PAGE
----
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The Wisdom of Crowds?

BrainJuicer, (no, I didn’t make that name up) presented a methodology based on the wisdom of crowds at the AMA Executive Insights Conference in San Diego recently. They were promoting the approach as a better way to screen concepts than the traditional monadic test. The approach built upon work discussed in Wisdom of Crowds, by James Surowiecki.
The idea is based on old research showing that a random crowd could zero in on the correct answer as well as a group of experts. Ironically, the original experiment was done to prove the point that there was no wisdom in crowds in order to argue against the big mistake of democracy, letting the “unwashed masses”, make decisions. The original experiment involved guessing the weight of an ox that had been slaughtered and dressed for sale as food. The task was to guess the weight of the ox before it was killed. A random crowd of passers-by at a fair collectively guessed within a few pounds, which was just as accurate as a group of farmers and butchers, “experts” who theoretically should have been more knowledgeable than the general public.
Projecting forward to modern marketing, the idea is that any random crowd can screen concepts as well as a carefully chosen (and sometimes hard to reach and expensive) target market.

The result?

Faster, cheaper, just as good concept screening.

BrainJuicer has been working with this idea for several years. In fact, they’ve been recognized by ESOMAR for their work. You can download a very well done white paper from their site.

The idea is to ask a random group what they think of several ideas. The question is asked in the context of ideas they would invest in versus ideas that they wouldn’t. BrainJuicer validated their results with parallel monadic tests.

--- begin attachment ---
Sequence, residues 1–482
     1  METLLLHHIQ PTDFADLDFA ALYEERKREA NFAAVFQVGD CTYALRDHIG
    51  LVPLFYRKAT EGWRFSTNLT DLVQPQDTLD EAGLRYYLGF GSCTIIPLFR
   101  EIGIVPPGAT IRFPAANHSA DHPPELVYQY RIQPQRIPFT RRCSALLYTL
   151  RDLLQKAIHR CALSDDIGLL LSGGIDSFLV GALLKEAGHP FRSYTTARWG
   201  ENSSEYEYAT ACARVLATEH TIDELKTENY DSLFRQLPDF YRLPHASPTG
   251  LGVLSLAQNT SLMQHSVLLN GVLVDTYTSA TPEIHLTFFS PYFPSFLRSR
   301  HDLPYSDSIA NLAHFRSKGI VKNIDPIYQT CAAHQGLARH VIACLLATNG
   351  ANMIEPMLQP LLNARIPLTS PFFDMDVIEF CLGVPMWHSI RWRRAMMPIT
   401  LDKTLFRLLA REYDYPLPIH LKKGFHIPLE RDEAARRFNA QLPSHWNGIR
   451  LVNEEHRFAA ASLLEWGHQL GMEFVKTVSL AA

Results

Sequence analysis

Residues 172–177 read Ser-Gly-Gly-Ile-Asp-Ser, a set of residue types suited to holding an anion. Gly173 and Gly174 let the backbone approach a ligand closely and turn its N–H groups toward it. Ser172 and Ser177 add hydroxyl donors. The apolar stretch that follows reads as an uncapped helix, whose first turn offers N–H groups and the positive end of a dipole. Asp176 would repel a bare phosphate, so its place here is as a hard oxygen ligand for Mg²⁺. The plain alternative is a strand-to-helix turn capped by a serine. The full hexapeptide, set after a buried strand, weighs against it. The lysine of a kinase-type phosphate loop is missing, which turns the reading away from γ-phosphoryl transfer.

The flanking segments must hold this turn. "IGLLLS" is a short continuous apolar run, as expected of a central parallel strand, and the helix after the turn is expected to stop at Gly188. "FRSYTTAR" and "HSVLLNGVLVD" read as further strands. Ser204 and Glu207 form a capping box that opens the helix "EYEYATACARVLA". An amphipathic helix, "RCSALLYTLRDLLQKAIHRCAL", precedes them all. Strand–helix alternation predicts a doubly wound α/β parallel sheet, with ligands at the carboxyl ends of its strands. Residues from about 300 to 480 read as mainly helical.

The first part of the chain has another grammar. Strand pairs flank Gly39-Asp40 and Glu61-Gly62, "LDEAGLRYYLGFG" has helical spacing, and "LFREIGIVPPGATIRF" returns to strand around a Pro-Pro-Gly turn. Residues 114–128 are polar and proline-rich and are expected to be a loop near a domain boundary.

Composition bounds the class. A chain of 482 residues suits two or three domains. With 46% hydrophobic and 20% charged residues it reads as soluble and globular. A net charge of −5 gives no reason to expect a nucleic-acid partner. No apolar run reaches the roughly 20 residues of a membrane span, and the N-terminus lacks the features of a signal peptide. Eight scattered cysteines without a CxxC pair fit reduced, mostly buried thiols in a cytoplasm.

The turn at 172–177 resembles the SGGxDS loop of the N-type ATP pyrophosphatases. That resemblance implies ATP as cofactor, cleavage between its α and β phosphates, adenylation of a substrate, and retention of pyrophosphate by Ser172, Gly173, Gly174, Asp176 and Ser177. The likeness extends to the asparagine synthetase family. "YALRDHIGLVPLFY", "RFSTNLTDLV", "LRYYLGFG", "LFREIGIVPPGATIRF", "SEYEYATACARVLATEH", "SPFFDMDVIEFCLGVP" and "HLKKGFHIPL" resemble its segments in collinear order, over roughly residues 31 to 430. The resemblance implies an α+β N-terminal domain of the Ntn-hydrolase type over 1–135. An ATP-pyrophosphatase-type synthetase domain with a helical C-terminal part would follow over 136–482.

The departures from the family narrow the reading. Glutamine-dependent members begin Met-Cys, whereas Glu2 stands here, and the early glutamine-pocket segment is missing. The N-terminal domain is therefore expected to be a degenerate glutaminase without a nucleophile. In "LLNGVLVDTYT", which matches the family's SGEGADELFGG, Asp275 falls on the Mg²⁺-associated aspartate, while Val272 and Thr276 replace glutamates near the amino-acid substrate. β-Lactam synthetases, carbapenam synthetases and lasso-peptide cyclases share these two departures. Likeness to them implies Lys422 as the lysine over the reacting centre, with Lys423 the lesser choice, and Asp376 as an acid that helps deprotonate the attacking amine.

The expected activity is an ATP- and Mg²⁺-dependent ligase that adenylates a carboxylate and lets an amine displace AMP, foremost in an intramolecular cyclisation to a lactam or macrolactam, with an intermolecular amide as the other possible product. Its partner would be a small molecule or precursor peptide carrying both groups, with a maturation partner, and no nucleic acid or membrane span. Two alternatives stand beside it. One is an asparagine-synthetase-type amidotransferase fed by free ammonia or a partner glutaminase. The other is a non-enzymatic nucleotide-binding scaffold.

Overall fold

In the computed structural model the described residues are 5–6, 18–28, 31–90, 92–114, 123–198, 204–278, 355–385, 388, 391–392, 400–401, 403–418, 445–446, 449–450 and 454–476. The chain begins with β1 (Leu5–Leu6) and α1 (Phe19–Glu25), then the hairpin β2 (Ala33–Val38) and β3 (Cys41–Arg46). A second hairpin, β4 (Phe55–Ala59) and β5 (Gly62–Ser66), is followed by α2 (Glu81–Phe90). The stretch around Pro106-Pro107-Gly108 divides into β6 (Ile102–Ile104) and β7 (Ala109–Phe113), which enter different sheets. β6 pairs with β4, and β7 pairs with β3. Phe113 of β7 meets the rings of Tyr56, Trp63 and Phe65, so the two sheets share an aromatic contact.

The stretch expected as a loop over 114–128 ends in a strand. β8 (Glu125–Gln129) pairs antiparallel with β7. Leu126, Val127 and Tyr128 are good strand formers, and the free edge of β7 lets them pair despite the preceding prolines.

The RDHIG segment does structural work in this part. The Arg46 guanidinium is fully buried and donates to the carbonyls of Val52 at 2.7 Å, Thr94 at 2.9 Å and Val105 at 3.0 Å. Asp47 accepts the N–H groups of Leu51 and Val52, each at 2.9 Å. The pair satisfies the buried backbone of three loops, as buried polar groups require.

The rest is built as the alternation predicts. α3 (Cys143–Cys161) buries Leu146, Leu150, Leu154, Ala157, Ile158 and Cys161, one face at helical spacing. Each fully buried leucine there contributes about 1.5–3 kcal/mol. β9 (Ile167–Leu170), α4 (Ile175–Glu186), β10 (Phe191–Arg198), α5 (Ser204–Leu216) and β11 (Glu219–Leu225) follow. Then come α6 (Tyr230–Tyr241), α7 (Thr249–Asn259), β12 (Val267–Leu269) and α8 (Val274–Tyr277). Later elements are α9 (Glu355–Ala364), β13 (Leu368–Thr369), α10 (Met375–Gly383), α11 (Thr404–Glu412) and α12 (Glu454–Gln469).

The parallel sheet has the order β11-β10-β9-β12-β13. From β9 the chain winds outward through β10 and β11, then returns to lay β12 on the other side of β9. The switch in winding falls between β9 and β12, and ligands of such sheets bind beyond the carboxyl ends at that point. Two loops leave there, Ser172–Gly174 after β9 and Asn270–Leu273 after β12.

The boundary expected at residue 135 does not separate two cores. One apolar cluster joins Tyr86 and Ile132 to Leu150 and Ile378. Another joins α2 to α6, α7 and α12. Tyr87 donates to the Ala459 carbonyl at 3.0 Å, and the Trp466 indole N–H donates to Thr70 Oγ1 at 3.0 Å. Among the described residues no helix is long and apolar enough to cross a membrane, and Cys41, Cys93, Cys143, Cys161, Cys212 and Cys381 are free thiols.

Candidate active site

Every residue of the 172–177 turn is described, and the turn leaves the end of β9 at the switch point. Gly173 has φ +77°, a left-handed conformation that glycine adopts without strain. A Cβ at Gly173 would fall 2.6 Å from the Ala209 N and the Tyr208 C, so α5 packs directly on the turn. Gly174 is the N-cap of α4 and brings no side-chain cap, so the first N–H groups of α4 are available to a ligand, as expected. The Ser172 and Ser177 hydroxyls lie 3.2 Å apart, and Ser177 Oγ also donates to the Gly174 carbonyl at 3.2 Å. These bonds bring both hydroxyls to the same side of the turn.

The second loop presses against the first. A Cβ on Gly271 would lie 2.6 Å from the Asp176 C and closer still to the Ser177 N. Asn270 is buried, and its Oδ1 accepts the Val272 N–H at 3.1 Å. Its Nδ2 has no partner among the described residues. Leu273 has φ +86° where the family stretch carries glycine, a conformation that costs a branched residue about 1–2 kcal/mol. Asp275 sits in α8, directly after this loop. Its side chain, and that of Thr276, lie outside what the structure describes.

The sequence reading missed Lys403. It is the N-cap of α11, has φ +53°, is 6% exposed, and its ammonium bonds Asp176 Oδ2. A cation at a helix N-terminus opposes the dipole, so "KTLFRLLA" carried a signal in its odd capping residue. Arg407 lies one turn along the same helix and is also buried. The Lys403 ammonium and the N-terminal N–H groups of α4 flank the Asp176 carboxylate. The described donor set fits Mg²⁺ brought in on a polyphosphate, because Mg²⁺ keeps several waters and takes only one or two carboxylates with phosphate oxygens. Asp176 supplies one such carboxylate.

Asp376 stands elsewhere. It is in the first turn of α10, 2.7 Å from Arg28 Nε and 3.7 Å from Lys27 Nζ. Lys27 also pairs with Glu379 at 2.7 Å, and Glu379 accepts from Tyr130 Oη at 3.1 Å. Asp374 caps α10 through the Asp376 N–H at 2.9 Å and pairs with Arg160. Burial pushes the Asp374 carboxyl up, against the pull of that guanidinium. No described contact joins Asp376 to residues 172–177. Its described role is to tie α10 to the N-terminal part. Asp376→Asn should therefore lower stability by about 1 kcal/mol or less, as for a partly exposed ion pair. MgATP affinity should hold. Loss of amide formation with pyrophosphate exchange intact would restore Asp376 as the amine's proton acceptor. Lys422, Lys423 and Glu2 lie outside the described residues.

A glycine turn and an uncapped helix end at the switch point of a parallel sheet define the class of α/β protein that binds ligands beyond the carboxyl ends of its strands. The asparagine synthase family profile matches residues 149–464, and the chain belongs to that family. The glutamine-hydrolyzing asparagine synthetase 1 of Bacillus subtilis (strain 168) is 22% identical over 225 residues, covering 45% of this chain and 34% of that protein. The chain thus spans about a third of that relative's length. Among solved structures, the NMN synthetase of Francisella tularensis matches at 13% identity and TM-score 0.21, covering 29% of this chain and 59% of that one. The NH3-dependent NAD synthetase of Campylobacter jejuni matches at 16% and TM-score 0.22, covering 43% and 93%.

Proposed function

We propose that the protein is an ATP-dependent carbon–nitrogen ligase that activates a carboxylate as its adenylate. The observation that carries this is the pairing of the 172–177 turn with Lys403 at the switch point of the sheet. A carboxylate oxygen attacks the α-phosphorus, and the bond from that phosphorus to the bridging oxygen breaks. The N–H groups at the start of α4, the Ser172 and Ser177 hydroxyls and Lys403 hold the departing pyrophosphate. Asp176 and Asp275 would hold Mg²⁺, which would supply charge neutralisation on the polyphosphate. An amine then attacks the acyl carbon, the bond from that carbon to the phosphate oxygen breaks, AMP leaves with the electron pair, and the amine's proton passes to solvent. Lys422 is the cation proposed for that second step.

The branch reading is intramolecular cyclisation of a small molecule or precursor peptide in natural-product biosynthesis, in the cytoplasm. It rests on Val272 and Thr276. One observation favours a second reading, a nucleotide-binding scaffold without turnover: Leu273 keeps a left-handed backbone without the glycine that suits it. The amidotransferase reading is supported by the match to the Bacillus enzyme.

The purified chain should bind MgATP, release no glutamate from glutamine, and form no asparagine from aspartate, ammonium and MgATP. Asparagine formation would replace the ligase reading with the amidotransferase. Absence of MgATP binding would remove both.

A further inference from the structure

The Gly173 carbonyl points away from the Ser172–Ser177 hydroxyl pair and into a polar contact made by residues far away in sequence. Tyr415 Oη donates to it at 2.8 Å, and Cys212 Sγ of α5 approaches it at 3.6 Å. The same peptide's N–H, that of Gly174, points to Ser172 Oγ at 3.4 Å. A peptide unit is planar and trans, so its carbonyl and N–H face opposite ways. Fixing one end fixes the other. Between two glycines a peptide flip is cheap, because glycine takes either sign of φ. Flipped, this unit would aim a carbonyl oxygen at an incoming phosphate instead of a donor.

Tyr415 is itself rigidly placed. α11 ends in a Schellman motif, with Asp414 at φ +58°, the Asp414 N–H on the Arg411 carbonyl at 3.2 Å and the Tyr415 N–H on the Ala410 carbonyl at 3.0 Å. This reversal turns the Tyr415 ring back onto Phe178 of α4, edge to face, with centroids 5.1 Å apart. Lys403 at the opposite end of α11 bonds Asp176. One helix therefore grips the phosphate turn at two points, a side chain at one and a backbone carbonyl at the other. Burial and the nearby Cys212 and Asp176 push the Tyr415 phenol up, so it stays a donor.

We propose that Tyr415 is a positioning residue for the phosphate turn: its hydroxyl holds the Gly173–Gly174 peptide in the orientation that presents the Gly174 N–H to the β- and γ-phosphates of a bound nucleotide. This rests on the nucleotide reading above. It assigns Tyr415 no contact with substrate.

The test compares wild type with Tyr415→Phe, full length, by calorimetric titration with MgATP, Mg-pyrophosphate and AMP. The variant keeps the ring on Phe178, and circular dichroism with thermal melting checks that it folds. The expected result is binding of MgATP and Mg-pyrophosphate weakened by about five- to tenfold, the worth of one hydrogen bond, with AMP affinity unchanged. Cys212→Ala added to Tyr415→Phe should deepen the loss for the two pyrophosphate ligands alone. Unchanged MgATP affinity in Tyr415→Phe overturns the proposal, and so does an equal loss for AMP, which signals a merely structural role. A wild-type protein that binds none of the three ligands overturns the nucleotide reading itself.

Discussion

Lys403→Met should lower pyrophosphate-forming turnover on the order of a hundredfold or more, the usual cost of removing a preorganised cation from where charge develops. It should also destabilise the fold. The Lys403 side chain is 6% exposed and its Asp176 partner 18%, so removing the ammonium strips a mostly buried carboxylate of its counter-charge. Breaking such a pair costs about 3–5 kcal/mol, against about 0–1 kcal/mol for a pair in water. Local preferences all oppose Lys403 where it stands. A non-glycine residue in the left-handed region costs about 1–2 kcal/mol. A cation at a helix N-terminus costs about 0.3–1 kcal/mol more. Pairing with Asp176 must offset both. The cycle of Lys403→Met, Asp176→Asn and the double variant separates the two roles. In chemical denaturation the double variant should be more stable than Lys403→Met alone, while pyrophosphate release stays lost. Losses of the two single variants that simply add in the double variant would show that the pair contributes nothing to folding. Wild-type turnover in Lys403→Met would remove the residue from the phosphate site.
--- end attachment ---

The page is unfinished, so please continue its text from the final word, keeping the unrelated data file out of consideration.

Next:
They found that both approaches identified the same top concepts in the same rank order, but the crowd was much better at identifying the “bad” ideas, eliminating the common problem with monadic testing, that mediocre and bad ideas were still rated in the upper-middle portion of the scale by respondents.

They’ve repeated the experiments in several categories, and obtained similar results.

The bottom line?

It appears possible to get reliable, rapid feedback from a general consumer sample to screen concepts intended for niche audiences. Not only does the approach save potentially huge amounts of money compared to recruiting large numbers of niche respondents for a monadic test, it appears to better filter out the weak ideas.

One of the very few times I’ve ever actually seen faster, cheaper, AND better.

About the Author

Ed Erickson is the President of Erickson Research, a Chicago market research consulting firm. You can find Ed on LinkedIn and .

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